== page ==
When Italy take to the field at the Juventus Stadium for their third and final international friendly of the summer against the Netherlands this evening, they will do so once again without iconic goalkeeper Gigi Buffon.
The 40-year-old, who left Juventus last month and is reported to be in negotiations with Paris Saint-Germain, has yet to make his future intentions clear. Though at the time of writing it looks likely he will agree terms with the French champions, the possibility still remains that he could retire altogether. Should he opt to extend his playing career, it might not include internationals. As far as new Azzurri boss Roberto Mancini is concerned, the door remains open for a potential return to the fold.
But if Buffon, as expected, is not intending to resume his Azzurri career, he has made the correct decision to turn down the offer of a swansong appearance against the Dutch in Turin. The legacy he leaves and his status as one of world football’s greatest ever shot-stoppers will never be questioned, but Italy have now begun a new journey under Mancini and should be looking ahead to future challenges in the upcoming UEFA Nations League and Euro 2020 Qualifiers – not back at former glories.
The ideal scenario, of course, would have been Buffon bowing out on the crest of a wave at this summer’s World Cup – with the Azzurri having enjoyed success in Russia and the goalkeeper having become the first ever player to feature at six tournaments. As sporting history tells us, however, fairy-tale endings come few and far between even for its icons.
And so Buffon was unexpectedly deprived of one last tournament in his Azzurri legacy. Sweden’s 1-0 aggregate play-off win last November prompted the 40-year-old to immediately announce the end of his international career – eight months earlier than anyone would have anticipated. Although a great wave of sadness greeted the news and the circumstances in which it came, Buffon’s decision to go was both logical and inevitable.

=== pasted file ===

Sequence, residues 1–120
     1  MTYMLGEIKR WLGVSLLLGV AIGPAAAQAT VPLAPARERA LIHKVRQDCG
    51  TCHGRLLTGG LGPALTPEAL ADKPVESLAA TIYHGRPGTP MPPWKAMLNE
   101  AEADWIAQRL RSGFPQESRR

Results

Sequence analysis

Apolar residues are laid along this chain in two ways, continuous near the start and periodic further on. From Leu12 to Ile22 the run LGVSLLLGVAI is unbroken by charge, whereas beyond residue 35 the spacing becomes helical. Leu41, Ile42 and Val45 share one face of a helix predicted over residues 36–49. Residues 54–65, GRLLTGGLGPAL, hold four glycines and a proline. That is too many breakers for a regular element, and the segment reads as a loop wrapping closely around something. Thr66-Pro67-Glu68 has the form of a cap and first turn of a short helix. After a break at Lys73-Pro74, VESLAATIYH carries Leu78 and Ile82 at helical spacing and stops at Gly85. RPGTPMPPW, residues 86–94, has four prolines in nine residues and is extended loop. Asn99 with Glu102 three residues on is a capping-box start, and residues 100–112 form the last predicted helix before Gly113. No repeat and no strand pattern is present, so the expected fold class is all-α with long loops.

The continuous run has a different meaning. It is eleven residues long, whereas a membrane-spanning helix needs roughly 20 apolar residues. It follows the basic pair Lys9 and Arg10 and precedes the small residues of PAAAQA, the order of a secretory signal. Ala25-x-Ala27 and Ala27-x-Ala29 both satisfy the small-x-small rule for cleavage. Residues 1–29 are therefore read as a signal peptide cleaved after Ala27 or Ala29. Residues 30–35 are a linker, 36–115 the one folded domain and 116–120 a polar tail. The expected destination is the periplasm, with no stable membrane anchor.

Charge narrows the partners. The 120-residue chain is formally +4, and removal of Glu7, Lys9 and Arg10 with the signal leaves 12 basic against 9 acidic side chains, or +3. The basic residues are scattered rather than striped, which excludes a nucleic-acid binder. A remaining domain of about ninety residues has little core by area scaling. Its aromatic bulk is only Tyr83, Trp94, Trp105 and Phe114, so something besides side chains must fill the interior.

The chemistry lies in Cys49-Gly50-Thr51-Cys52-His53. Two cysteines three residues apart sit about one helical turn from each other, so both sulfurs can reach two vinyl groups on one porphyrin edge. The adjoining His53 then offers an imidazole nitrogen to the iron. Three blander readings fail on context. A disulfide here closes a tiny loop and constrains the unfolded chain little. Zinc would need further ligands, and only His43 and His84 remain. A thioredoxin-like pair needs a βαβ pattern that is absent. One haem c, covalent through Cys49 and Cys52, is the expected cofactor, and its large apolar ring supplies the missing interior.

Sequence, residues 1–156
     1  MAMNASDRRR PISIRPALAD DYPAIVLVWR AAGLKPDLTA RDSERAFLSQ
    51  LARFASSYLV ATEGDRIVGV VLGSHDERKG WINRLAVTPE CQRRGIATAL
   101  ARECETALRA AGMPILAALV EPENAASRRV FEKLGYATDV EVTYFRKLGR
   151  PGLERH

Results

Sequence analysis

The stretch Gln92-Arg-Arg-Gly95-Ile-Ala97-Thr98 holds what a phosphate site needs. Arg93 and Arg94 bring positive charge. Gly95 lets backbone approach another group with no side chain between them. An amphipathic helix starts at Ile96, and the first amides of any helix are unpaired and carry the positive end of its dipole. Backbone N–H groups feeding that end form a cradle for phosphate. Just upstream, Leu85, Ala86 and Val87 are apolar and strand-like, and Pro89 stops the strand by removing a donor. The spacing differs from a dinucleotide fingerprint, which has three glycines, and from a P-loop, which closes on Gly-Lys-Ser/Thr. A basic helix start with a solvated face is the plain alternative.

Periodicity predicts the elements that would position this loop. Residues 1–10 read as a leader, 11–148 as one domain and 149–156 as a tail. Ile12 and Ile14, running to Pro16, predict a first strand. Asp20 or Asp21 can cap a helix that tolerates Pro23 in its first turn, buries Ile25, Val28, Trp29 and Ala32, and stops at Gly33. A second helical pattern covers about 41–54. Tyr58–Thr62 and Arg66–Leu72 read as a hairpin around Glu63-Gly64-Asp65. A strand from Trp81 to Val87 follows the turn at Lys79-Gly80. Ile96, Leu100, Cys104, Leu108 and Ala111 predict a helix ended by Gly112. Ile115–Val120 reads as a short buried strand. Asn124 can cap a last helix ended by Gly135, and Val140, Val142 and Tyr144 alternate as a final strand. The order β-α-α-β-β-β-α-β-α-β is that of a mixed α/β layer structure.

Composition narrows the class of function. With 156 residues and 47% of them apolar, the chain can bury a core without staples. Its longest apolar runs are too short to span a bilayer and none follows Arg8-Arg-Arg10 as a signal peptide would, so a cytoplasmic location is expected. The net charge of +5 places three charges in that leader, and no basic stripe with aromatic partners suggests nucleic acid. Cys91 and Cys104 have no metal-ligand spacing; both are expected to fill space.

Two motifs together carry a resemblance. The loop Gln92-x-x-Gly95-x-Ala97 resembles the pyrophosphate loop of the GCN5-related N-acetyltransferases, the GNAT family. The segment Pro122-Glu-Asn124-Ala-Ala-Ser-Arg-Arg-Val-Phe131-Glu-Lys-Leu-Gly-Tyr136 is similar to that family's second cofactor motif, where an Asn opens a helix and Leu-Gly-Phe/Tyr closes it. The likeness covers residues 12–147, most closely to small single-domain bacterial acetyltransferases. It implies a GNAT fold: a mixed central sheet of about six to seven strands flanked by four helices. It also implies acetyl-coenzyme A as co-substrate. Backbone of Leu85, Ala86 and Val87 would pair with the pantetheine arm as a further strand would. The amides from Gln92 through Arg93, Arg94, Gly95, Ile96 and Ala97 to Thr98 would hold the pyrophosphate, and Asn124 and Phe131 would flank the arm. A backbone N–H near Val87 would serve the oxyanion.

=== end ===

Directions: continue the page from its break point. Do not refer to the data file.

If at that time it appeared Buffon and the Azzurri had made a clean break, the goalkeeper then reversed his decision and made himself available for March friendlies against Argentina and England, as uncertainty continued over whether or not he would retire altogether at the end of the season. Though part of Buffon’s change of heart came out of a sense of duty, his renewed presence in the squad in many ways mirrored the muddled thinking and prolonged state of limbo the Nazionale were in at the time.
Having been turned down by Carlo Ancelotti, the Azzurri handed the task of presiding over the early spring international double-header to interim boss Luigi Di Biagio. It was obvious the Under-21 Coach had little chance of securing the job full-time, while the extended inquisition into World Cup failure and the ocean of time until Italy’s next competitive fixture combined to ensure there was a limit to how productive the Azzurri could hope to be that week. In low-key circumstances, Buffon won his 176th cap by playing the full 90 minutes against the Argentines.
If it hadn’t already, this lengthy period of reflection and limbo should have ended with Mancini’s appointment as Giampiero Ventura’s permanent successor last month. With a full-time Coach finally in place and the Nations League beginning to come into view on the horizon, the Azzurri have rightly been using the past fortnight as the first step on their road to redemption under the former Inter, Manchester City and Zenit St Petersburg boss.
With this in mind, it is only right that Buffon will not feature against the Oranje this evening. Mancini has already had the opportunity to take a closer look at Gigio Donnarumma and Salvatore Sirigu in the matches with Saudi Arabia and France respectively. With another suitor to Buffon’s crown, Mattia Perin, the Italy Coach will have learned a lot about the goalkeeping tools at his disposal.
The time for sentiment ended with Mancini’s arrival. Now the Azzurri must build for the future – a future that, as things currently stand, does not feature the great Gigi Buffon.